• A few more images here can’t hurt, so why don’t we use a more famous #23 for our twenty third webinar to distinguish between each division.
      • Here we’ve got east, central, west, and of course who could forget about our Space division.
    • Our custom table is all ready to display links that make it easy to navigate to each of our divisions.
  • I’ll start with the Scorecard dropdown. This is going to allow me to link or display information within a particular scorecard
    • Next comes element type, where I’ll choose the type of element whose page or information I want to show.
    • Keep in mind that we’ll be linking to a report at the scorecard level, so I’ll choose scorecard.
    • That third and finale FIELD dropdown is where the particular information will be determined – let’s pick the name of the scorecard to start.
    • Once I’ve got all these criteria specified, I can click on INSERT to paste this information into my field.
    • Now, this code won’t look like much, but Clearpoint uses it to reference the information you’ve chosen, so that it will show when we click save.
    • Let’s use the dropdown fields again, and this time we’ll use a Report Link to paste the direct link to a summary report in each scorecard
    • And let’s click save to see our report in action.
  • So this is a great page to have for easy navigation directly to the summary report pages that you want to see in your account –
    • and of course these links would always come in handy for including in briefing books and HTML reports, which we covered in our last webinar!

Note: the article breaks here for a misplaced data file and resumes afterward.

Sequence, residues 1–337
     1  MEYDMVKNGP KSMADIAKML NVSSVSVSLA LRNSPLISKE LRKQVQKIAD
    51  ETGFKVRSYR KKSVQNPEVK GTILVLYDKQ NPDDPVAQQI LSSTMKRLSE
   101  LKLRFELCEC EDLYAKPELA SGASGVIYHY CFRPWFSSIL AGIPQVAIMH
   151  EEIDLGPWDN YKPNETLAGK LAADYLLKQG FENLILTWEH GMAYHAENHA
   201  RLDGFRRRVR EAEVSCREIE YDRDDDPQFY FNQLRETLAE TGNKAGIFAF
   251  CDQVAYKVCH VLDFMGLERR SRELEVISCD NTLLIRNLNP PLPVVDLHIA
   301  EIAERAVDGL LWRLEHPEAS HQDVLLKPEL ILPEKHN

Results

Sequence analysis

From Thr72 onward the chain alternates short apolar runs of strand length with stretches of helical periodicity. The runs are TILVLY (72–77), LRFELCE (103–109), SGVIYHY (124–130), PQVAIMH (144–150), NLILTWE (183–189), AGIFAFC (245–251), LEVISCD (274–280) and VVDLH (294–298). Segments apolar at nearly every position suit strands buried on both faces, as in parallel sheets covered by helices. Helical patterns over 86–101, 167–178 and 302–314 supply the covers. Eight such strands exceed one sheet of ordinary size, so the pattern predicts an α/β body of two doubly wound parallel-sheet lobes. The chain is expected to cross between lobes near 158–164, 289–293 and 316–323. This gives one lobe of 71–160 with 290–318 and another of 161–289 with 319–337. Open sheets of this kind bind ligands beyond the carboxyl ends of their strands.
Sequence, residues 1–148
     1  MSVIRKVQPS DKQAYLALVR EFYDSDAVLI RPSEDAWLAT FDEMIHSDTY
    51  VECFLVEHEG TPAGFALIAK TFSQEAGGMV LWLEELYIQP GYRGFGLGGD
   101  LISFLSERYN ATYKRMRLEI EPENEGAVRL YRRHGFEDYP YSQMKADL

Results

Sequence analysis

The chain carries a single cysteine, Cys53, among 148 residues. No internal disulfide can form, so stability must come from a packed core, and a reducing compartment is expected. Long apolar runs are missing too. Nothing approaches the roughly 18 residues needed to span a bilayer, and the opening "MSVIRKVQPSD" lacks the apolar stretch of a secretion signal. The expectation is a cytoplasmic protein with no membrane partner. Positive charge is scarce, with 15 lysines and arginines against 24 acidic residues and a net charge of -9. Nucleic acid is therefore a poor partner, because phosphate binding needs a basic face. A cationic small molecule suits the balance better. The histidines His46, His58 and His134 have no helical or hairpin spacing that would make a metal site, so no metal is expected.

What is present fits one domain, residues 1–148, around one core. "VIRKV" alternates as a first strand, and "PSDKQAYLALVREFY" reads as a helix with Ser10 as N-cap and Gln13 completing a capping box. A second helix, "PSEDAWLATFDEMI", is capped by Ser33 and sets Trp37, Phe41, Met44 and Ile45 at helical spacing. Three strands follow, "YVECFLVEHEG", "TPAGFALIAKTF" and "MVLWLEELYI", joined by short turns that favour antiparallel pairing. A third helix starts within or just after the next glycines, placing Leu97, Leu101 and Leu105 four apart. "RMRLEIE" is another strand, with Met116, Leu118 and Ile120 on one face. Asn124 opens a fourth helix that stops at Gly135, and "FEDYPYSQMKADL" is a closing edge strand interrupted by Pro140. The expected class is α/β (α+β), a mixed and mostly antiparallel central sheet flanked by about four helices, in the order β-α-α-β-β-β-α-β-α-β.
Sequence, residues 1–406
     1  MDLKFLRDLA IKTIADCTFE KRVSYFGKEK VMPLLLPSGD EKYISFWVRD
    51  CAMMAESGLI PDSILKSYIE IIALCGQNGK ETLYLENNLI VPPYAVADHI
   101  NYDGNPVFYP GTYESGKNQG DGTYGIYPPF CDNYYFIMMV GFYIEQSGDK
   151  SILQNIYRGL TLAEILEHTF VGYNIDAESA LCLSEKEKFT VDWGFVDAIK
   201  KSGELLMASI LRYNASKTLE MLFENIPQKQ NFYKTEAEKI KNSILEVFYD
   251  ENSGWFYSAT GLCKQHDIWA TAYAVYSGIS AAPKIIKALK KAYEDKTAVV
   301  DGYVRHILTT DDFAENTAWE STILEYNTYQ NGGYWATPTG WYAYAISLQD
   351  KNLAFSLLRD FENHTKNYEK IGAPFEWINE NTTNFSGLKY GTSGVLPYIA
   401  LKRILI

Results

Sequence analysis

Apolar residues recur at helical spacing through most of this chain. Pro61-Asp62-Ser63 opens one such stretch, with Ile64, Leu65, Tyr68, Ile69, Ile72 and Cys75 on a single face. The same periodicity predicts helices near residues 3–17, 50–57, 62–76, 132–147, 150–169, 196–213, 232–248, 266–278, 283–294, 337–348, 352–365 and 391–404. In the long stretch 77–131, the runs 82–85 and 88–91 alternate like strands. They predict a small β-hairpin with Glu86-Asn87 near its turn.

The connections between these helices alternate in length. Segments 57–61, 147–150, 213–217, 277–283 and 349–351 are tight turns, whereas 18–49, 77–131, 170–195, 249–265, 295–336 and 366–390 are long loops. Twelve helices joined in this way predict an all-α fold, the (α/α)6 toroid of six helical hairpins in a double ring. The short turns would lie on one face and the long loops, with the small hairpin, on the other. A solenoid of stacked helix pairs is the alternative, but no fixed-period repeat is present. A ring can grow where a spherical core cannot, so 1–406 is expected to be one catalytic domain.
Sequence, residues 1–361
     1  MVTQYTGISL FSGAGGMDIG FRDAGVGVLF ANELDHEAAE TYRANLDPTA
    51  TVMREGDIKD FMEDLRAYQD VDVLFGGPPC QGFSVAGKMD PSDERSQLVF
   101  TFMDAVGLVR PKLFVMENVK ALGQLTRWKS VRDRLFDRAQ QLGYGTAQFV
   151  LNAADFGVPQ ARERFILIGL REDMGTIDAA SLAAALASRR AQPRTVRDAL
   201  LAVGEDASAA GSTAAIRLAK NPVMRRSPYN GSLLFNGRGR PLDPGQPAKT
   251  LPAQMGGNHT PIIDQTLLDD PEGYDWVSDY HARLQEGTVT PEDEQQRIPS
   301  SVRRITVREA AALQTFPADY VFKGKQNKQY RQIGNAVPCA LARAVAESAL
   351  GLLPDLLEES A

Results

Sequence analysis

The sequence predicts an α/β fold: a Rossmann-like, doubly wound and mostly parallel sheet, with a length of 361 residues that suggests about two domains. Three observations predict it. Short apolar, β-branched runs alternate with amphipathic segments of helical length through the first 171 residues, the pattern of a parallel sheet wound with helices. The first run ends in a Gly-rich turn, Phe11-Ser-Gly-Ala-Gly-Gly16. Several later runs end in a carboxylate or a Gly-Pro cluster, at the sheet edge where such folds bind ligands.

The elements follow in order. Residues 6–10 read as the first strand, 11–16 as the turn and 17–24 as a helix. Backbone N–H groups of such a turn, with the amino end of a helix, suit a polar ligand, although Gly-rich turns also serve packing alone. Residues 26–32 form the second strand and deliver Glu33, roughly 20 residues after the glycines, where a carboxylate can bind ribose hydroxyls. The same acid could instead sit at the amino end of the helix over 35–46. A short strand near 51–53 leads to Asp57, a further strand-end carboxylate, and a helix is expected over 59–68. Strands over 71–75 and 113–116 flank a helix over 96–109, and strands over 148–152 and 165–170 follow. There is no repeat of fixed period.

Aggregated series calculations (22:11)

  • So far we’ve shown a lot of ways to demonstrate alignment visually, but our next feature takes us deeper, into our newest way to align data using rollups.
    • This is a new feature that’s added a lot of power and flexibility to ClearPoint’s already robust calculations.
  • I’m going to click over to the Revenue measure in the Up Airlines scorecard to show you how it works.
    • Note here on this page that the Revenue measure in the East, West, and Central divisions are child measures of this corporate measure.
    • So in this case, we might want to show the combined revenue of all the divisions in a series, next to corporate revenue.
    • I’ll double click on the data table , and click the add icon to add that series. We’ll call it Division Total.
    • Now, we’ll go over to the calculations tab. We could always use our traditional calculations to add the Revenue measures’ actual series in the East, Central, and West divisions,
      • But using aggregations will make it easier to incorporate series in the future as we continue to build out additional divisions like space, which doesn’t currently have any measures in it.
      • To toggle between calculations and aggregations, simply use the dropdown at the top of the screen.
    • So first, we’ll have to determine which scorecards to include
      • Then, the Measures and Series names are going to play a role within those scorecards, and I’ll click on the measures dropdown.
      • You can select all measures, only child measures, or names fully or partially containing certain words in their names.
      • Now, you’ll notice to the top-right of each dropdown, we can see a number.
        • That number will show us how many scorecards, measures, and series, respectively, are being incorporated into your calculation.
      • Then, choose series from within those measures.
        • So I can again choose whether I want to pick the exact name, or just what is included in the series name.